defining its scope of practice and unique areas of expertise. What is the subpopulation that adolescent
medicine specialists are best qualified to serve? What conditions are they most effective in treating? And
what are the interventions they are uniquely qualified to provide? Ideally, this task would be guided by an
evidence-based literature assessing the impact of the subspecialty and its treatment methods on
adolescent morbidity and mortality.

    A better understanding of the role of the subspecialty will help to determine not only the number of
programs and fellows needed for clinical care, residency training, and scholarly activities, but also the
nature and content of the required fellowship experience. SAM should examine all available data on
fellowship training and identify ways to enhance the curriculum and increase fellows’ exposure to
interdisciplinary medical and other faculty.

    In addition, to achieve improvements in the care of adolescents, particularly those who are low
income and high risk, new post-residency training options are needed.           We strongly urge that a
commission be established to examine alternative, shorter fellowship training pathways that would allow
broader recognition of adolescent health clinical expertise. Members of this commission should include
the relevant accrediting bodies – including the American Board of Pediatrics, the American Board of

                                                                                                        25
Family Medicine, and the American Board of Internal Medicine as well as the various medical
organizations invested in adolescent health.
    Given that a core purpose of the three-year fellowship is to produce medical educators and
researchers, shorter fellowship pathways can be developed to focus primarily on enhancing clinical skills.
The availability of shorter pathways might lead to a decrease in the number of applicants for three-year
training, but more likely it will fill the training needs of residents and practicing physicians who want to
specialize in clinical care, either outside or within academia, treating adolescents with complex health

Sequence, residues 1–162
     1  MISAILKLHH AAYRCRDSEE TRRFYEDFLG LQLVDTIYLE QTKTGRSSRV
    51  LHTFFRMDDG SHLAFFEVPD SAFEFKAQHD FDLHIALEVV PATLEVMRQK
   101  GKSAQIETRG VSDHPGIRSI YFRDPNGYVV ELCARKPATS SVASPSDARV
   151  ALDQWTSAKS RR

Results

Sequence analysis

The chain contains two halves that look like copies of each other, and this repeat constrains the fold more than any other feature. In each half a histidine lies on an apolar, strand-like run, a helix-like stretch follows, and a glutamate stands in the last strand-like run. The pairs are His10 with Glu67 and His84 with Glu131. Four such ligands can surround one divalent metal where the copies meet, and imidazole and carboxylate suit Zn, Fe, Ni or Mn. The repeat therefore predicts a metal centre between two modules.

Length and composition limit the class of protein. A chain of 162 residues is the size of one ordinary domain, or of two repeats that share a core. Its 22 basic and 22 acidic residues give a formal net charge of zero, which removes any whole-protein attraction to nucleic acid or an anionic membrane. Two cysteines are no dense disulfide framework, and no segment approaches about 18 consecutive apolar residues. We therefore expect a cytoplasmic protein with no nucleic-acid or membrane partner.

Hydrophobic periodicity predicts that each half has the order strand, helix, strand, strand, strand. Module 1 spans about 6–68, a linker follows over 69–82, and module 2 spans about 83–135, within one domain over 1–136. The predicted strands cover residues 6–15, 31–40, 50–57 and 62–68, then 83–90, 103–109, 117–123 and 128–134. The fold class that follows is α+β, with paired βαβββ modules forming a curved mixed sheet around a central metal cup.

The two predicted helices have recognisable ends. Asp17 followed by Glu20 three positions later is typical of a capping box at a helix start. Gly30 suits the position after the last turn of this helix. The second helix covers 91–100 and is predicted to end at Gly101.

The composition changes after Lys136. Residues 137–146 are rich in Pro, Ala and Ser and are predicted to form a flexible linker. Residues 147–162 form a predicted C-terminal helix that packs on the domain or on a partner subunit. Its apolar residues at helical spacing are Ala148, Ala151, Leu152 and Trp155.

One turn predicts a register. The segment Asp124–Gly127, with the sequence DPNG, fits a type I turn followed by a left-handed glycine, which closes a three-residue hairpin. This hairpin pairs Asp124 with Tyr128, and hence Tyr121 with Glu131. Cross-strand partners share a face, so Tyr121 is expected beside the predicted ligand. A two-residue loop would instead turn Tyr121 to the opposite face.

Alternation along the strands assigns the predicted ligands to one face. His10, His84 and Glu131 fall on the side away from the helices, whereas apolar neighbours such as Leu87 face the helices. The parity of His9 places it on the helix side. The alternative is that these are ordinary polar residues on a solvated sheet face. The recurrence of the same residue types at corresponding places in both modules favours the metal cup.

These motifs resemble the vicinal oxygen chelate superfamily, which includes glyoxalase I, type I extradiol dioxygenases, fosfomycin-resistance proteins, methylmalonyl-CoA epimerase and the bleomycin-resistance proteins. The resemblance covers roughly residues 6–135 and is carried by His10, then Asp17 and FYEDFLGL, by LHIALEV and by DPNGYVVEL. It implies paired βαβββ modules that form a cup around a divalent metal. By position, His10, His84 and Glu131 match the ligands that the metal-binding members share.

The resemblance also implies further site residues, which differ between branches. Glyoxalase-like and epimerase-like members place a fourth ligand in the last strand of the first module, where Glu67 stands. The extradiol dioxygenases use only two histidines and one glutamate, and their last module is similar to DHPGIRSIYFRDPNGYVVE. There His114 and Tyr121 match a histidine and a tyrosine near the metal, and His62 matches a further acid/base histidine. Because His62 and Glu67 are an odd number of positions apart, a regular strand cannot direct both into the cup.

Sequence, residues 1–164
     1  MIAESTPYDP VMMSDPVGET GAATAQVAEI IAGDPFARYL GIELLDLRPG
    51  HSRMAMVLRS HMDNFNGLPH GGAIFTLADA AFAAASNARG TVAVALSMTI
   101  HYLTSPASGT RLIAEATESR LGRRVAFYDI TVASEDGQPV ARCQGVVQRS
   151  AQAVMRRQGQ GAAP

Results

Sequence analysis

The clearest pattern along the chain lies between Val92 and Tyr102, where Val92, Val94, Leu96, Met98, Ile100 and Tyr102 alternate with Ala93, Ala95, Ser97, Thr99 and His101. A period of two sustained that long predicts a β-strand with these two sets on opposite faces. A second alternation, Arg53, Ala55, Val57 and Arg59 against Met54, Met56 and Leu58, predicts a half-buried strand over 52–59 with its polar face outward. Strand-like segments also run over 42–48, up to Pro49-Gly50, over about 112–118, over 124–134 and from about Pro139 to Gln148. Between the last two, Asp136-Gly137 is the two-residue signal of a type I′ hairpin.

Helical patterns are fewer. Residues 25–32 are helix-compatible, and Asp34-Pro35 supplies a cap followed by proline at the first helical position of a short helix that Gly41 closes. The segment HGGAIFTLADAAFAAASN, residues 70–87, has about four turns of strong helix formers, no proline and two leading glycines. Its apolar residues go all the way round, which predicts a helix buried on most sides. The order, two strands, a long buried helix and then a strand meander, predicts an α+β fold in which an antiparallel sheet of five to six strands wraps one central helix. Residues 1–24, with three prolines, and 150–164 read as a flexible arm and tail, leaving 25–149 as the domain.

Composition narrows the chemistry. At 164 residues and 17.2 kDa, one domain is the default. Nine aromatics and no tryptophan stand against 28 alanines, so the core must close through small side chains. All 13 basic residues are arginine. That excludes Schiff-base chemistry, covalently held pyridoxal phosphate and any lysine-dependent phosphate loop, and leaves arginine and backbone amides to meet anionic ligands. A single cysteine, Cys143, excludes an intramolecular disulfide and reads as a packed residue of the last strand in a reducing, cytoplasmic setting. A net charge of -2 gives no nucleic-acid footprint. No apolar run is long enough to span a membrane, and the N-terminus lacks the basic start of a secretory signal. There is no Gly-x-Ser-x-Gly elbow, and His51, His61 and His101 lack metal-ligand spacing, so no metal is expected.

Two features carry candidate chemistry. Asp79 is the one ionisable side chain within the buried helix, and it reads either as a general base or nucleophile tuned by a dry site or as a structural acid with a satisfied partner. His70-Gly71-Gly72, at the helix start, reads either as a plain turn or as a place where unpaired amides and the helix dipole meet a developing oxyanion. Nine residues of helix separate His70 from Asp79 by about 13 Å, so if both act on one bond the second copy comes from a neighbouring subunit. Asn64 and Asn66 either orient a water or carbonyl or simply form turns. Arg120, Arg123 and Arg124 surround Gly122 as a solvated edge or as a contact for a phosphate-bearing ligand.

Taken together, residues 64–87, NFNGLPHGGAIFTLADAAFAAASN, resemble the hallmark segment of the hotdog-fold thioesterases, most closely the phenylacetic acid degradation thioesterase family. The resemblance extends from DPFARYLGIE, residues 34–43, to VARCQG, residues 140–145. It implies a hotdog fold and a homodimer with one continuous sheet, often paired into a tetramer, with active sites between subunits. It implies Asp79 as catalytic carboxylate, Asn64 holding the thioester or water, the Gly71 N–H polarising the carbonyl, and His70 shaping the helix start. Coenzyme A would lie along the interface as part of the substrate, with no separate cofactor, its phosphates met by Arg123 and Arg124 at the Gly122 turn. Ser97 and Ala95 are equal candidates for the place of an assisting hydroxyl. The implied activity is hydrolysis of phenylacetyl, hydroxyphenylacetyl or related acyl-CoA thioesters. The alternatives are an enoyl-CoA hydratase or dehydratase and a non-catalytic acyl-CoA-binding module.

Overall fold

needs and providing consultative services to general pediatricians. (Recommendations to improve the
training of pediatricians will be made in a separate report).

Building the Field

    Expanded recruitment strategies are necessary to build the adolescent medicine field. Despite the
tremendous competition to attract primary care residents into other pediatric subspecialties,
SAM -- along with individual adolescent medicine fellowship training programs -- needs to generate more
interest and excitement about the clinical, research, and teaching opportunities in the field.       A new
national adolescent medicine recruitment campaign with multi-level strategies could positively affect the
number of applicants pursuing adolescent medicine. It should include, for example, expanded SAM
website information for residents and fellows, an organized mentoring network in medical schools and
residency training programs, additional membership and annual meeting sponsorship and outreach,
targeted education and marketing strategies, and more financial awards to recognize the
accomplishments of outstanding fellows and junior faculty.

    Efforts also need to be made to increase public and private loan and scholarship opportunities for
those seeking training in either three-year or shorter adolescent medicine fellowship training in adolescent
medicine. SAM should help to develop new private and corporate funding support, as other pediatric
subspecialties have done, and should maintain a comprehensive database of new and existing funding
options that could be updated regularly. In addition, fellowship program directors and leaders in the field
should advocate for priority funding for adolescent medicine research training under the National
Institutes of Health’s (NIH’s) career development, research service, and loan repayment programs. They
also should join with the primary care medical associations to advocate for the inclusion of shorter
adolescent medicine fellowship training programs under the Health Resources and Services
Administration’s (HRSA’s) primary care low-cost loan program.

    Increasing research opportunities will help to attract a larger cadre of fellows and also accelerate the
development and dissemination of new and improved therapeutic approaches for serving adolescents.